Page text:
New Neck, transferring screw holes

Discussion in 'Hardware, Setup & Repair [BG]' started by jefff100, May 30, 2018.

  1. I have a Carvin Bass, a B4 jazz style body from 2001. 4 bolt neck.
    About 4 or 5 years ago I bought a replacment fretless neck for it, direct from Carvin (back when they were still called Carvin). Just now getting around to the final finishing and installing it.

    Suggestions on the best way to transfer the hole locations in the body to the new neck so that I can drill holes in the neck that line up with the body holes?

    thanks much,

  2. Dean N

    Dean N

    Jul 4, 2006
    Pittsburgh, PA
    I'm no proper repair guy or tech or luthier, but I've done this a couple times.

    1. Clamp neck to body.

    2. Use a transfer punch with a diameter that matches the holes' diameter to accurately mark the points on the neck.

    3. Use a drill press (this is critical) to drill perpendicular pilot holes to proper depth into the neck heel.
    96tbird, jefff100 and Matt Liebenau like this.
  3. briandavismurph


    Jul 1, 2013
    One very important detail is to put the Estring and the G string on the neck and through the bridge so that you can make sure that the neck angle is correct in the pocket so that before you position the center punch to mark the holes into the neck you’re sure that the angle of the neck is correct so that you don’t have one of the strings off the fingerboard and the other one a quarter of an inch inside if that makes sense
  4. If you don't have transfer punches, another option is: follow the above advice to clamp the neck to the body and double check string alignment. Then, use a drill bit the same size as the holes in the body (probably 3/16" but, again, double check) and chuck it up in a drill, put it through the body holes and run it backwards for a second. This will leave a divot in the heel where you want the screw holes.

    Use a drill press to drill the actual holes in the neck heel and lube the screws with soap or wax the first time you screw them in.
    byacey and jefff100 like this.
  5. Thanks all. Makes sense.

    Hope to get this put together in a couple of weeks, will be my first solidbody fretless.
  6. Post some pics when it's done or of the build process.
    jefff100 likes this.
  7. Bruce Johnson

    Bruce Johnson Gold Supporting Member Commercial User

    Feb 4, 2011
    Fillmore, CA
    Professional Luthier
    You can also use the screws themselves as transfer punches. They fit in the holes and they have points. Hold the neck and body together with your palm bracing the neck heel. Put the screws in the holes, touching the new neck. Give them a light tap on the head with a hammer. That will make little dimples in the surface to mark the locations.

    Yes, it's also a good idea to put on the two outboard strings, tightened enough to take out the slack. Look carefully at how they pass over the heel to help get the neck on there approximately straight.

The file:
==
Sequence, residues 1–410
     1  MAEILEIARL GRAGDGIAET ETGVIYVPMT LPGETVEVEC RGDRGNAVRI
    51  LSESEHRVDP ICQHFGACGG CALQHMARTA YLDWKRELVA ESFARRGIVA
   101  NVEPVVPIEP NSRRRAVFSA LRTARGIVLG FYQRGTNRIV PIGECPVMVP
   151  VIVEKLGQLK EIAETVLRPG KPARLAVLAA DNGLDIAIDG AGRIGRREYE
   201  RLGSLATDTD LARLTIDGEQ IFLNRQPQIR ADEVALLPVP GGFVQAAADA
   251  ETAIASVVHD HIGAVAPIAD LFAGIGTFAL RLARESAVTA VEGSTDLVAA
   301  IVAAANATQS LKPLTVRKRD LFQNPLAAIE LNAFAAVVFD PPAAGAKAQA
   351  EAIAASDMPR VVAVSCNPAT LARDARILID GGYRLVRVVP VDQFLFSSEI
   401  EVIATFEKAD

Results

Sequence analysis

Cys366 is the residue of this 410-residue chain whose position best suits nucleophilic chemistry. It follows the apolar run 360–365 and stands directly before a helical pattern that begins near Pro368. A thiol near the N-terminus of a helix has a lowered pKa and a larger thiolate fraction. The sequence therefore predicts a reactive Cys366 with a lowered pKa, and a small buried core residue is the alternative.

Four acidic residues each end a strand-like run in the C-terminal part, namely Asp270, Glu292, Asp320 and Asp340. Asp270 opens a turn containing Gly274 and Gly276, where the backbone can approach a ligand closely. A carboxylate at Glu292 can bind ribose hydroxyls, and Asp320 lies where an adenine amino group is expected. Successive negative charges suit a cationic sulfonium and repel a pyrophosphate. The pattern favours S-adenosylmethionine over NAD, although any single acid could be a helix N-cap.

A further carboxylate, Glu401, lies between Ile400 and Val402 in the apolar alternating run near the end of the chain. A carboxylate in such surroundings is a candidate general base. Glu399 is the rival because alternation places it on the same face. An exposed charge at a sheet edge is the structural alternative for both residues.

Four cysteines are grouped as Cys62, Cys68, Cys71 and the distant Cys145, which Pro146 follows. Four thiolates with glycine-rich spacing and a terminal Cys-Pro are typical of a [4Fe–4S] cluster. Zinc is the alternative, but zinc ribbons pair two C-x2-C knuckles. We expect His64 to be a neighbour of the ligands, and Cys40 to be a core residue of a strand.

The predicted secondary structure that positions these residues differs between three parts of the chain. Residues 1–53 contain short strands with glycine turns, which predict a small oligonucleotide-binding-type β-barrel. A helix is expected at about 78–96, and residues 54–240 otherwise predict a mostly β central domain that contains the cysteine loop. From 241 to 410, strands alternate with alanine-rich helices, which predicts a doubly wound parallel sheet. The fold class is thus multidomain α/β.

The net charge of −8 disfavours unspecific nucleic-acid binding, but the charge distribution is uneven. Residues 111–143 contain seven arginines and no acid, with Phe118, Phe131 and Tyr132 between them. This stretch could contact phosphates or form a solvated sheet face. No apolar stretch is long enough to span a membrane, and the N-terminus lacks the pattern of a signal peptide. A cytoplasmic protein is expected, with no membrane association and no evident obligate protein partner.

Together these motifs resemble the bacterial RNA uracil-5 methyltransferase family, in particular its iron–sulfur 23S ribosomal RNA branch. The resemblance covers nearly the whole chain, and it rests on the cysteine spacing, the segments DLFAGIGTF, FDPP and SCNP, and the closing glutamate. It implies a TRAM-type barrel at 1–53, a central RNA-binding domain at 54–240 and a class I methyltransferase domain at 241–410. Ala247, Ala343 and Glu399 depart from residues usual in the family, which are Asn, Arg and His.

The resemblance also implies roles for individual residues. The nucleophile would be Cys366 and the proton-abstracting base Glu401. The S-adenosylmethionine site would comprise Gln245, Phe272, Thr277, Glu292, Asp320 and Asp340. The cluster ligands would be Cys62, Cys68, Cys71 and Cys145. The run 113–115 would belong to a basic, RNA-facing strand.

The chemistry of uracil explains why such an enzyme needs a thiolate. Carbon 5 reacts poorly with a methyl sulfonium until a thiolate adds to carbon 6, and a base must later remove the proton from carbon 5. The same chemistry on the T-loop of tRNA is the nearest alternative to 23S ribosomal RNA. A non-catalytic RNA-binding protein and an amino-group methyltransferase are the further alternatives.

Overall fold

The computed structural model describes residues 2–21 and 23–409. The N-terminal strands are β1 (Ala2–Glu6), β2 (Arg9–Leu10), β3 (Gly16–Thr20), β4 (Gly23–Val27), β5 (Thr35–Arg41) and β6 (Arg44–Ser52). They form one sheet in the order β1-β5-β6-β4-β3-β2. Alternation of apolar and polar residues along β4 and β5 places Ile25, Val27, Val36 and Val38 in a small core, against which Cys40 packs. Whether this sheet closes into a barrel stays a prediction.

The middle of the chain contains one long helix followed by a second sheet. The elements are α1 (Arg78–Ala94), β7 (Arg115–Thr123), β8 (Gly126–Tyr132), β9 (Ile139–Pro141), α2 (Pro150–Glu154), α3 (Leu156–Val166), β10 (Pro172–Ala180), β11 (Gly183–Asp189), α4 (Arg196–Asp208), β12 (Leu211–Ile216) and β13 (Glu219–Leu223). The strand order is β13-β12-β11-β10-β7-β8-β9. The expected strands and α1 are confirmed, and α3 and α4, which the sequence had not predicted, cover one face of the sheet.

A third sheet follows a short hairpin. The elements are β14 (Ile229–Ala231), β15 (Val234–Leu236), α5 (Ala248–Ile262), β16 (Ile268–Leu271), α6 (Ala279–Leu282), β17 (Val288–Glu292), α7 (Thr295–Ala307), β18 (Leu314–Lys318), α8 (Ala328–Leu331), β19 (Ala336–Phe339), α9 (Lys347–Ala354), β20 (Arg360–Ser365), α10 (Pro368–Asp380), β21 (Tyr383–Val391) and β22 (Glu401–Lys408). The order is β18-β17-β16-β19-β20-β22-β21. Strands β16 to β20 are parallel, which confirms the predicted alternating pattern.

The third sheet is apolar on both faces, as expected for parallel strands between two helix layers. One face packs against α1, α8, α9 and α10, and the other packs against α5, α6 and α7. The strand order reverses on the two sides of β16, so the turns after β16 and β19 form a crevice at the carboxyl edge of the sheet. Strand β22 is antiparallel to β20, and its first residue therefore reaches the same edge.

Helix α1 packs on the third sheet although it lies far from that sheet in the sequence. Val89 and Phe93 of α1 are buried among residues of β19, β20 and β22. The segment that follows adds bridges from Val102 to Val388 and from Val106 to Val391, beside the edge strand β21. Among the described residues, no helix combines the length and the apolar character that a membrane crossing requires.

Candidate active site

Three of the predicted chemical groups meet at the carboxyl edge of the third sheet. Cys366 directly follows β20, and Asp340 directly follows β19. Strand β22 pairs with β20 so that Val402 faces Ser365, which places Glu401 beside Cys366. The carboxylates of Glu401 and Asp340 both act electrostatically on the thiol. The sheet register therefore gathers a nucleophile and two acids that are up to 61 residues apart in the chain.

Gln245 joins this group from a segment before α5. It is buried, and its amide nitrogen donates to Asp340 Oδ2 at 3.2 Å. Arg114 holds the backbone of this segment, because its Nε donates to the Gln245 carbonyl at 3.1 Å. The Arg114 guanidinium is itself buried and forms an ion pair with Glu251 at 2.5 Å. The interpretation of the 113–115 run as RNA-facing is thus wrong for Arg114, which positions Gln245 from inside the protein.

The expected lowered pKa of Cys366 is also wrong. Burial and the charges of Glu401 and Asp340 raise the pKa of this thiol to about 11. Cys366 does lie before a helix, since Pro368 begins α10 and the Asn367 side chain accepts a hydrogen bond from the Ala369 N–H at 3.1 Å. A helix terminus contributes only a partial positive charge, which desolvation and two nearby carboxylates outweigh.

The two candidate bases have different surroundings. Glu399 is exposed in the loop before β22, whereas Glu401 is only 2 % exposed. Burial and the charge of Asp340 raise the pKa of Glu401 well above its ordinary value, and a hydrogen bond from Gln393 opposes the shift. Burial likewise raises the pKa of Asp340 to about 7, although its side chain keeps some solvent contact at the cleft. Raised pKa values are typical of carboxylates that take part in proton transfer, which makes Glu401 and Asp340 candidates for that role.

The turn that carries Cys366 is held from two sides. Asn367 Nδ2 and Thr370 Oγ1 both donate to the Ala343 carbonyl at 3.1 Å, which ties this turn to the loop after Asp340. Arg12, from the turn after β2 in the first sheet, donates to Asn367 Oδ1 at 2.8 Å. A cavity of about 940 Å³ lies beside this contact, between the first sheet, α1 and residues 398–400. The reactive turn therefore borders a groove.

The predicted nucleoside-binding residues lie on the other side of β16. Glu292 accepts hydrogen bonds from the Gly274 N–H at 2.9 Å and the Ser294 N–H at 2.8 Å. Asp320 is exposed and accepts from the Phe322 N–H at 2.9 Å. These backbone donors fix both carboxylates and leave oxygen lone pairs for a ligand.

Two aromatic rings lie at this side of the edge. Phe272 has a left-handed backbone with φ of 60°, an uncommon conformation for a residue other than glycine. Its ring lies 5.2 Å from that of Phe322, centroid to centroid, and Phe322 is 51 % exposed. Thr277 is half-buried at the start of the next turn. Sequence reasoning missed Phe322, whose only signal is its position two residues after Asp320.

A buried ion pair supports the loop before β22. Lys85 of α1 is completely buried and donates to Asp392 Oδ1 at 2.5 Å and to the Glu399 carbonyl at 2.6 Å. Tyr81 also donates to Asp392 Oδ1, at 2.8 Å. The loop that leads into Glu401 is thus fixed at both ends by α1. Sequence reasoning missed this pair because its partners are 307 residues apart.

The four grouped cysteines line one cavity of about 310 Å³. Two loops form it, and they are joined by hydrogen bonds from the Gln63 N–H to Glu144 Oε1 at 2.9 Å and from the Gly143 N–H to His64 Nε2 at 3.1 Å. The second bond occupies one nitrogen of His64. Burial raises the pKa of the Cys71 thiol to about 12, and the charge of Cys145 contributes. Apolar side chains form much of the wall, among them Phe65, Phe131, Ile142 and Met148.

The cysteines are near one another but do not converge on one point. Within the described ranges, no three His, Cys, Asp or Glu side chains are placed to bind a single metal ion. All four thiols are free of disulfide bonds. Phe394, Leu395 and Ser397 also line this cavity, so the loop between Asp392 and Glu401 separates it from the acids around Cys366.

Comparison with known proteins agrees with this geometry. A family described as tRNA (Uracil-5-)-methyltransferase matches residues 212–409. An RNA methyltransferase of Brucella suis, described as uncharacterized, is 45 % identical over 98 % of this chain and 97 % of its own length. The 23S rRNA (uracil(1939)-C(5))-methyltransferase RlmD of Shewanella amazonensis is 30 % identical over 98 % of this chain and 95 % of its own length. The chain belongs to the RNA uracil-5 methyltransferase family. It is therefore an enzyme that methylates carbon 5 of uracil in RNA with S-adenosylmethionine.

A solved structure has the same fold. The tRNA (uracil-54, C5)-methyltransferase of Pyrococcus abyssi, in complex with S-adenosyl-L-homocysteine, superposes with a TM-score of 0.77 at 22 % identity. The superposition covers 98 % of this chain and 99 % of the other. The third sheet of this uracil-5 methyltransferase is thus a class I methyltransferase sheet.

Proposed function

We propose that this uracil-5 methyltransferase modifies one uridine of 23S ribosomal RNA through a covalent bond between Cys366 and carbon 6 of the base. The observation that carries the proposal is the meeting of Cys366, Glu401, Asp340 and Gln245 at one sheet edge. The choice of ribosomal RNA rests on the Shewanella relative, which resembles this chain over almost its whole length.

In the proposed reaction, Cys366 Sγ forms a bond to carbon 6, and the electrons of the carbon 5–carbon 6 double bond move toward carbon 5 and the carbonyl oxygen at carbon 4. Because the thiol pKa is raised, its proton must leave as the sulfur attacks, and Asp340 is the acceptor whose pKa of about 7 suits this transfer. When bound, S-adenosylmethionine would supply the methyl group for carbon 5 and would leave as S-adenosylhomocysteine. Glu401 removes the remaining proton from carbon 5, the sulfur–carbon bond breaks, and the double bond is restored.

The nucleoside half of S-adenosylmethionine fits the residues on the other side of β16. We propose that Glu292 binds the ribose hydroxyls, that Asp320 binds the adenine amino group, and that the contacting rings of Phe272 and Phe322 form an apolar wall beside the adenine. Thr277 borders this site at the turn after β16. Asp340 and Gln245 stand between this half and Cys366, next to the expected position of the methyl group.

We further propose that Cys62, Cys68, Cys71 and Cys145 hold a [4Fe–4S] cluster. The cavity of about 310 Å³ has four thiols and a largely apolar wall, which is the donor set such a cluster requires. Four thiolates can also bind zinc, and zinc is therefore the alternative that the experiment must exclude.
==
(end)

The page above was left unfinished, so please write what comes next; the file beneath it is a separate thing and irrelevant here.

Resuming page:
8. sissy kathy

    sissy kathy Back to Bass-ics Gold Supporting Member

    Apr 21, 2014
    Arbutus, MD
    Wow. Use paper to trace the back of the old neck. Tissue paper like womens clothes are sometimes wrapped in, or onion skin used for carbon copies of correspondence (archaic, I know.)
    Last edited: May 31, 2018
  9. mech

    mech In Memoriam

    Jun 20, 2008
    Meridian, MS, USA
    I don't use a clamp. I wrap masking tape around the heel to form a very snug fit in the pocket. Not a press fit as that may cause a crack in the sides of the pocket. Two layers on the heel and an even number of layers on the sides. Use small nylon/cotton string instead of real strings to check the margin. Much less tension and chance of it moving the neck. It'll take about 3 yards. Tie it off on the strap button. Adjust margin by removing masking tape from the large side and apply it to the other, maybe using small pieces to add any angle necessary for a good balanced margin. I use thin wall metal tubing in the body holes as a bushing and drill one hole in the neck with a depth marked drill. The body holes may need to be cleared for the bushing to fit but that's a good thing. The screws should drop through the holes and not have to be screwed through. Install that screw and and check the margin. Adjust neck angle as necessary and drill other holes. Works for me but YMMV.

    Edit: The size of the thin wall tubing and drills used will depend on your body and neck mounting screws.
    Last edited: May 31, 2018
  10. "Official" Carvin and Kiesel Club - Part 3

    Pix I posted in the Carvin club thread when I first started working with the neck in earnest. The last of these pix show 1 coat of Tung Oil. I'm currently on coat 4 of tung oil, letting it dry 3-4 days between coats and lightly sanding with 1000 grit between coats, wipe it down with citrus oil solvent between coats to lift out any sanding dust. I'm not sure how many coats I'm going to go. Headstock overlay seems to soak up more. Back of the neck feels good now but I figure it will get more playing wear.

    My apologies for my being somewhat dense in the orignal post. For some reason I had it in my head that the neck and body orientations were backwards of what they are...I cant explain that one. Will post updated pix when I'm making more visible progress.